UNT Libraries - 3 Matching Results

Search Results

International Political Economy of External Economic Dependence and Foreign Investment Policy Outputs as a Component of National Development Strategy: Nigeria 1954-1980

Description: This study examined the effects and expectations of external economic dependence on foreign investment policy outputs with particular reference to the Nigerian experience between 1954 and 1980. Three basic kinds of external economic dependence were studied: foreign investment, the penetration of the Nigerian economy by foreign capital through the agency of the multinational corporations (MNCs); foreign trade, a measure of the Nigerian economy's participation in the world market; and foreign aid (loans and grants), a measure of Nigeria's reliance on financial assistance from governments and international financial inst itutions. For the most part, the level of Nigeria's economic dependence was very high. However, economic dependency is not translated into changes in foreign investment policy in favor of the foreign investors in Nigeria as is predicted by the dependency paradigm. The Nigerian case casts doubt on the dependency paradigm as a framework for fully explaining factors that may determine foreign direct investment policy changes that occur in a less developed Third World country. In other words, the dependency paradigm has a limited explanatory power; there is a factor independent of the economic factor operating out of the control of global capitalism (the center of the center in alliance with the center of the periphery); and that factor is the political process in Nigeria. The web of the Nigerian political process involves the various aspects of its internal functioning such as the manner in which needs, interests and demands are conveyed from the individuals and groups in the country to those performing state duties. Thus, Nigerian policy makers were more influenced by those elements than pure economic considerations treated in isolation.
Date: December 1986
Creator: Ighoavodha, Frederick J. O. (Frederick J. Ofuafo)

Nigerian Politics: A Case Study of Military Coups

Description: This study surveys the issue of military coups in Nigerian politics. An attempt is made to explain the causes of coups d'etat. To this end, Thompson's thesis of military grievances has been rigorously employed to explain the occurrences of military coups in Nigeria. The Thompson thesis asserts that coups occur because the military is aggrieved. A study of the opinions of expert observers familiar with Nigerian politics confirmed that four out of the six military coups occurred due to problems emanating from the Nigerian military establishment. Although military grievances such as its political positions, resource bases, ethnicity, and factions within the military caused most coups, there is sufficient evidence that societal factors like economic crises, election decisions, and the need for reforms also encouraged the military to overthrow governments in Nigeria.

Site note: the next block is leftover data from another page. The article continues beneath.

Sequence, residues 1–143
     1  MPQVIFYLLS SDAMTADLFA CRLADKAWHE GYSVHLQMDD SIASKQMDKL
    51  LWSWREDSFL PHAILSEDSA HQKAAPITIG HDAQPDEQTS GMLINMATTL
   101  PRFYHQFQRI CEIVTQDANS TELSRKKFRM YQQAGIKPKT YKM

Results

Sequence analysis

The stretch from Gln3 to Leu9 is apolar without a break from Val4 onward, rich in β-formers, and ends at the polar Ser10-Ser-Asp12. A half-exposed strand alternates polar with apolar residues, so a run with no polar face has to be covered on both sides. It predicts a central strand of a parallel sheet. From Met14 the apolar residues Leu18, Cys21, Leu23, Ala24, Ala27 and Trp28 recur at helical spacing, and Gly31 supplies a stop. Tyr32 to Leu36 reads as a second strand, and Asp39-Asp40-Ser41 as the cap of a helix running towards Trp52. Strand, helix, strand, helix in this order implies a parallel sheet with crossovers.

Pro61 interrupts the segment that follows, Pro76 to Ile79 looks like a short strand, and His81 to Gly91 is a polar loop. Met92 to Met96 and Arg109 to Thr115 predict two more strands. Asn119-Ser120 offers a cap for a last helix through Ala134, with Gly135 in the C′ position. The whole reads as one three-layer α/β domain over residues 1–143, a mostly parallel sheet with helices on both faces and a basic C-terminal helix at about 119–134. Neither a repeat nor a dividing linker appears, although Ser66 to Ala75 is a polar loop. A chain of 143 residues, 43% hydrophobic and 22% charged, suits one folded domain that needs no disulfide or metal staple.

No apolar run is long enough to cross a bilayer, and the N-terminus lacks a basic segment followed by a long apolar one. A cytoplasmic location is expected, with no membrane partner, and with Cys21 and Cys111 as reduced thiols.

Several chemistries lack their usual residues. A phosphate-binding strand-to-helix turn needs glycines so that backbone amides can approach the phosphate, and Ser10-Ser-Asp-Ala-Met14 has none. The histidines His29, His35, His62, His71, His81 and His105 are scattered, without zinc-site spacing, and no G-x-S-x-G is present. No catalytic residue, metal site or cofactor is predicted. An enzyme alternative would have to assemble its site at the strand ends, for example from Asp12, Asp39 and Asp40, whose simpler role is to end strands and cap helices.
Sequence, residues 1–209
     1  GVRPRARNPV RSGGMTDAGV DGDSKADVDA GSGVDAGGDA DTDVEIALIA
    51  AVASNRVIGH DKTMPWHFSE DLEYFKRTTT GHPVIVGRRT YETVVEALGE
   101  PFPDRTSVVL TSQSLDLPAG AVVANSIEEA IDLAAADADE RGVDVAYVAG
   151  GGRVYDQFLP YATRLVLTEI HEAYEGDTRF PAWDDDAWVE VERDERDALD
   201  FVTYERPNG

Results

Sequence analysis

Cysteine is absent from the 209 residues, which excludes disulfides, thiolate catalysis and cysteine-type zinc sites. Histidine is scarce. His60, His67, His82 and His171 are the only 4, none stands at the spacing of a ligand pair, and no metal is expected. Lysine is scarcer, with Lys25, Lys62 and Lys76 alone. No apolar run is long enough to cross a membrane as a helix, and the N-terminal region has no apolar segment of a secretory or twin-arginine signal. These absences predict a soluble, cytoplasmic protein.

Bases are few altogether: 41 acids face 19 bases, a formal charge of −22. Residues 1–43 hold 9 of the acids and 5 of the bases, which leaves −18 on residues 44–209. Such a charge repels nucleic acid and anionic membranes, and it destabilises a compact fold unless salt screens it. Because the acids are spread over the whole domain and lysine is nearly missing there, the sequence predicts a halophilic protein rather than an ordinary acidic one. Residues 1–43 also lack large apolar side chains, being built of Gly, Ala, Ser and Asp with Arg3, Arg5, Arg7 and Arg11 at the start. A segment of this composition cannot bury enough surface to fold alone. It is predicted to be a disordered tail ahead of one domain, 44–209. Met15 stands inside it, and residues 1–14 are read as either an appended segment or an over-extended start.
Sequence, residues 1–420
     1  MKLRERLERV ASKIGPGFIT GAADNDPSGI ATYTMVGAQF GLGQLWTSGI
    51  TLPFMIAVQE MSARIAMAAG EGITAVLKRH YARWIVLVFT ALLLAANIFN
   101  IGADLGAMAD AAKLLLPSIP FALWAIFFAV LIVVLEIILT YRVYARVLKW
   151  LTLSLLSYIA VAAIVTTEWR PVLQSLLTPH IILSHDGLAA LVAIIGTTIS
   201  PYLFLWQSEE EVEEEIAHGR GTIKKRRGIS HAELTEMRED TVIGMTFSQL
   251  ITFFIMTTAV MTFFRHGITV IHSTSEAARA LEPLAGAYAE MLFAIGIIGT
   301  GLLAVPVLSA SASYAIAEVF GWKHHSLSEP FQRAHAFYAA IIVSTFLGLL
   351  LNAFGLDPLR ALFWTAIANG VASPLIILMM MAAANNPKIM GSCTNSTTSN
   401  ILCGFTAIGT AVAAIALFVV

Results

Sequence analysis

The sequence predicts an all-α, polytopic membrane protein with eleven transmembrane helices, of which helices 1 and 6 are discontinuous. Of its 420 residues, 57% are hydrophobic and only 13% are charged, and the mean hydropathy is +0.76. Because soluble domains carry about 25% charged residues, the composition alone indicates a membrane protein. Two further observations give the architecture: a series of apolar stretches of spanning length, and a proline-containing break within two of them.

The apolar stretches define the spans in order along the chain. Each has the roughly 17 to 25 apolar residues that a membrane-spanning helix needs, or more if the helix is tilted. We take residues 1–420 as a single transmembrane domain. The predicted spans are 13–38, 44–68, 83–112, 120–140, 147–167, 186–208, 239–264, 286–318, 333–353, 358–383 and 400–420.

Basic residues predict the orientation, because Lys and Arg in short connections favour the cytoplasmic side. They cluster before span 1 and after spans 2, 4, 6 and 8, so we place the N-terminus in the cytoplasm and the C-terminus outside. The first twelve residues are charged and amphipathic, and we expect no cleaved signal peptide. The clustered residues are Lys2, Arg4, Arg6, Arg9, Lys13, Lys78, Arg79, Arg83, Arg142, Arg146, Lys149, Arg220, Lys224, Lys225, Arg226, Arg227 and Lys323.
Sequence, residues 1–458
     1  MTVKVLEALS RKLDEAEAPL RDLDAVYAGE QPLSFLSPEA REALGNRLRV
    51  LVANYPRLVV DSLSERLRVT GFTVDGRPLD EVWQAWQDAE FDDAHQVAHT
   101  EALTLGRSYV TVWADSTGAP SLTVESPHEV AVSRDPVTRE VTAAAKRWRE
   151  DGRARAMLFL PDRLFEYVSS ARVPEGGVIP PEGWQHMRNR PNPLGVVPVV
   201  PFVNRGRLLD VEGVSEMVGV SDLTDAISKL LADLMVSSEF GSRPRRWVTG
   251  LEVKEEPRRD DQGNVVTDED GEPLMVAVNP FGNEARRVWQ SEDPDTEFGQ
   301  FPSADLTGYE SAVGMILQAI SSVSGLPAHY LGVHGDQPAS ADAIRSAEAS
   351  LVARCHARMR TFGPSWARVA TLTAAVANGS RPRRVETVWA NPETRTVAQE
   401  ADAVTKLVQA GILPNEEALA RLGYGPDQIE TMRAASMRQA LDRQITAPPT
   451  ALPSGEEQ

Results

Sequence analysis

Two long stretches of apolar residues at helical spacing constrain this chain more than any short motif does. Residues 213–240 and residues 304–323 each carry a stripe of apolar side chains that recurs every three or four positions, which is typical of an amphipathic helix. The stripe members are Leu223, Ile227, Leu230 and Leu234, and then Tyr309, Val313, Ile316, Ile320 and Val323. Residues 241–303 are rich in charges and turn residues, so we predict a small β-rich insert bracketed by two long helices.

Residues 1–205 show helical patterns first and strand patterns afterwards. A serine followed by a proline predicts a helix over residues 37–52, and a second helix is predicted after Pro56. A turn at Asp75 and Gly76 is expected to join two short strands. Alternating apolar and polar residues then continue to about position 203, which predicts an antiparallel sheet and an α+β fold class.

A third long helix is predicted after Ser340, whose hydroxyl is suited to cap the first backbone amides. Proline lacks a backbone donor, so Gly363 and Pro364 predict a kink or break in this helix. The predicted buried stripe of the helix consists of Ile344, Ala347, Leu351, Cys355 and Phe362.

Date: May 1986
Creator: Jombo, Augustin B. (Augustin Bolsover)

The Shift of the Egyptian Alliance from the Soviet Union to the United States, 1970-1981

Description: The purpose of this study is to examine internal and external factors affecting the Egyptian-Soviet alliance during the period under investigation. Chapter I provides background information on Egyptian-Soviet relations, and in Chapter II important developments in those relations are outlined. Chapter III examines the October War of 1973 and Soviet policy during the war. Chapter IV traces efforts to reach a settlement in the Middle East, highlighting the role of the United States in the negotiations. Finally, Chapter V demonstrates that Egypt, like other small nations, has not surrendered its interests to the aims of either of the superpowers.
Date: May 1986
Creator: Rashdan, Abdelfattah A. (Abdelfattah Ali)